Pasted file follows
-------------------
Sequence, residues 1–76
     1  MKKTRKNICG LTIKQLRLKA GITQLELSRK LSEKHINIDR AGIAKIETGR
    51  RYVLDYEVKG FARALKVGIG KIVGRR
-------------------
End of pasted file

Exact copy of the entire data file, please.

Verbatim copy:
Sequence, residues 1–76
     1  MKKTRKNICG LTIKQLRLKA GITQLELSRK LSEKHINIDR AGIAKIETGR
    51  RYVLDYEVKG FARALKVGIG KIVGRR